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Think Pink for Women in Agriculture

Barry Schmitt’s business is growing, and his family is growing into it. Meanwhile, a promise to his daughter fulfilled is becoming a symbol for a new generation of female operators.

By Jamie Cole | Photos By Cody James

17-year-old Rayelle Schmitt is wrapping up her first haying season with her own tractor and baler. You can’t miss her in the field. She’s the one in the pink—yes, pink—Fendt 828, pulling a Massey Ferguson 2270XD baler.

That baler? It’s also pink. “Bright pink,” says Rayelle, with a sly smile.

She remembers the moment she thought it up. “I was in the field one day, and I had just gone out in the tractor, riding around with my oldest brother, Tyler,” she says. “And I remember saying that I wanted to drive one myself.” She was 12, and pink was her favorite color. “I wanted to be a bright pink baler driving around amidst all the green (tractors) and red (balers).”

In fact, she put the request on the record with FarmLife five years ago, at the end of a video story about Barr-Ag, her family’s business. The younger Rayelle, on camera, says she asked her dad for a “pink Fendt and/or baler. And he said, ‘Yeah, when you do work for me, I’ll get you one.’” She pauses and smiles. “And I’ve been hoping for it ever since.” That request stuck with her dad, Barry, president of Barr-Ag Limited in Olds, Alberta.

He delivered on both.

And though the equipment is unique—“I’ve never seen another one like it,” says Rayelle—when it comes time to work, the pink combo is just another part of a massive fleet of Fendt tractors and Massey Ferguson balers that help keep Barr-Ag running and growing.

Rayelle, as the pink combo’s operator, is also becoming an integral part of the business, though she admits she’s fairly unique, as well. “I think the idea of a female farmer is still kind of surprising to some people,” she says, though she does see more and more female operators on some of the small family farms around her hometown. “Sometimes guys can make it seem like it’s more of a male job and it might be overwhelming to some, but I definitely think that it’s growing slowly” as an opportunity for women, she says.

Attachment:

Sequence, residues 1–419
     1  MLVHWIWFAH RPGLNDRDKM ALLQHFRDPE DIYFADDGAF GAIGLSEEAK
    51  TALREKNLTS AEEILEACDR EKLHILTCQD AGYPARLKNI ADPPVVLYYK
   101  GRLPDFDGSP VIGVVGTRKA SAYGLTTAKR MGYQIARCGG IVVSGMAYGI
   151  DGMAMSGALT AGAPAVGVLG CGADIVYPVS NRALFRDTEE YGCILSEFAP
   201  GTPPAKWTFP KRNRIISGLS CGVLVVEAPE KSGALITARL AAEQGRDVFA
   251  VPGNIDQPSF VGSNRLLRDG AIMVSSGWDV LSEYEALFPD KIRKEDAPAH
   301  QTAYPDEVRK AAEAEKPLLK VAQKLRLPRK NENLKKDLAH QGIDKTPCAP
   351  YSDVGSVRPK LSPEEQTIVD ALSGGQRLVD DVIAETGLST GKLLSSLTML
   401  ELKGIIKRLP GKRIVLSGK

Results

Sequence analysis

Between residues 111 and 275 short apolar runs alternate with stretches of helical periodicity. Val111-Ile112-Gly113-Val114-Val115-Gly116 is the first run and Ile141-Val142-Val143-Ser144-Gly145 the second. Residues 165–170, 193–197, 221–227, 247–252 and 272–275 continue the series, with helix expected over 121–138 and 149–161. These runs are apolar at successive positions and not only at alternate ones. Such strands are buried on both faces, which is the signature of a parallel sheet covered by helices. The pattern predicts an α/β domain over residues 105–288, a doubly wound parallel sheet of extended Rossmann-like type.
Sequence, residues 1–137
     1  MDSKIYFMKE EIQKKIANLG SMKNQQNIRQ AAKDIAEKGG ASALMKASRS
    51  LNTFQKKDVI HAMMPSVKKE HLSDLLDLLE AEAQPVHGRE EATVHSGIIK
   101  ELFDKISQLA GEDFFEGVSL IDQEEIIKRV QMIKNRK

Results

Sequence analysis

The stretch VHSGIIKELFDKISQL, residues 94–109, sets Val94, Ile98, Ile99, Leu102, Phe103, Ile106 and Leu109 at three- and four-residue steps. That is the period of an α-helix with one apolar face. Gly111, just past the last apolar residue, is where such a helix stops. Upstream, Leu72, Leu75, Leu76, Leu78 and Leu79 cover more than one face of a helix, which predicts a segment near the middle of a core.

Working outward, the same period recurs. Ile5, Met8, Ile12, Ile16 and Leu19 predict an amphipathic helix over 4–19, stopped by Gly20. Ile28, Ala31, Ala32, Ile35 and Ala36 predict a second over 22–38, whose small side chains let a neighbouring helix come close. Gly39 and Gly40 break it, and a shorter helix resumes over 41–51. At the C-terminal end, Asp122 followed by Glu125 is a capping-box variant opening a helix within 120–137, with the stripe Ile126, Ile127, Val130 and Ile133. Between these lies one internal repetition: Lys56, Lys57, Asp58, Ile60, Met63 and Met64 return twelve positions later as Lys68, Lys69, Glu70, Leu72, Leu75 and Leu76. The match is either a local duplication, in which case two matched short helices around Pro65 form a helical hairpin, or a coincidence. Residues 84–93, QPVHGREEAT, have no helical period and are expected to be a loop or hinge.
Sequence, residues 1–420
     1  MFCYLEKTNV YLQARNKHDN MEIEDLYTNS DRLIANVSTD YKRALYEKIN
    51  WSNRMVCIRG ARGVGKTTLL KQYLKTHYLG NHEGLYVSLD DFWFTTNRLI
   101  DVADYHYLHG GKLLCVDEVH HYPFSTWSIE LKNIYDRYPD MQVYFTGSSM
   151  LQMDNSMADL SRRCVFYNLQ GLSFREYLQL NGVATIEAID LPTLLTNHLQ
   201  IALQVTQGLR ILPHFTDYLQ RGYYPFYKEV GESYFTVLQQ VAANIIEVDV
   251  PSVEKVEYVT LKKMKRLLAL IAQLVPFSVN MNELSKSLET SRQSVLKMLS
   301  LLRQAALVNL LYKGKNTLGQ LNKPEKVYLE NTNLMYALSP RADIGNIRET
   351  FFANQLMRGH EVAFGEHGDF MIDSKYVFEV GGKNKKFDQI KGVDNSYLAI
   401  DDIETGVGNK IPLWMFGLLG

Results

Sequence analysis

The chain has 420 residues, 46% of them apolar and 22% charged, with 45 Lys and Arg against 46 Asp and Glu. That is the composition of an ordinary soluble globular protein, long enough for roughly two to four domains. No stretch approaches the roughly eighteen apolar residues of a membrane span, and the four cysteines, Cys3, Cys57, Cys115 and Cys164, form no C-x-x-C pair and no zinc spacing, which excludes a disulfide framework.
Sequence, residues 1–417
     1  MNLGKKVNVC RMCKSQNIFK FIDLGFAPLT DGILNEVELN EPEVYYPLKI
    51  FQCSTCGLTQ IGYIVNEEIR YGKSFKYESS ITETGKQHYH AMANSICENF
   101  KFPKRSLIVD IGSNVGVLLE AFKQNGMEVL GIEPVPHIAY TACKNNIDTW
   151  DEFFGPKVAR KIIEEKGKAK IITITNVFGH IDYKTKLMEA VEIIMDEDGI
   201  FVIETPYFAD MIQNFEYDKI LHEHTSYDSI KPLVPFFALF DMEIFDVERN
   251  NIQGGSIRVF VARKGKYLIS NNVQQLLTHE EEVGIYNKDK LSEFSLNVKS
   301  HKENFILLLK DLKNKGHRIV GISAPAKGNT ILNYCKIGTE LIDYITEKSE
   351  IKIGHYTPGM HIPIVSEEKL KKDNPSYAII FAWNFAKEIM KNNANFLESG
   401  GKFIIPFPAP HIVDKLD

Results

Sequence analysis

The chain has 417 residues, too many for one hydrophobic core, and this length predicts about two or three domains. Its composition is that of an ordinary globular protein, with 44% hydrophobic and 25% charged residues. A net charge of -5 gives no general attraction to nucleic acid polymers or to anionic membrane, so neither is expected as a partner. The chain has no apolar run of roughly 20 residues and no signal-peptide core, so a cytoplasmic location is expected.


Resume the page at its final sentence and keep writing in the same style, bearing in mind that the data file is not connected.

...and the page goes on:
Family Farm, Big Business

 

Family Farm, Big Business

While Barr-Ag is decidedly a family farm, it’s not a small operation. And it keeps growing. When FarmLife first visited with Barr-Ag five years ago, the company had increased its production 10-fold in its first 11 years of existence, since 2004. It was already Canada’s largest hay exporter, built on a reputation for quality product. While Barr-Ag has shipped all over the world, its primary market is Asia; “Japan, Korea and China and the three main legs of our market,” says Barry. Japan and Korea are major buyers of timothy grass, which is where Barr-Ag became established; China’s appetite for alfalfa had added to their output and acreage by 2015.

Barr-Ag was shipping some 60,000 metric tons of hay back then. Today? “Well, we’ve increased our sales by 30%,” says Barry. Even during one of the most challenging years imaginable, Barr-Ag is shipping 100,000 tons of product. Amid a global pandemic that hit Asia first, Barr-Ag just kept focusing on their primary consumer. “Our customers get up every morning and eat three-and-a-half percent of their body weight,” jokes Barry, dairy cattle and beef cattle alike.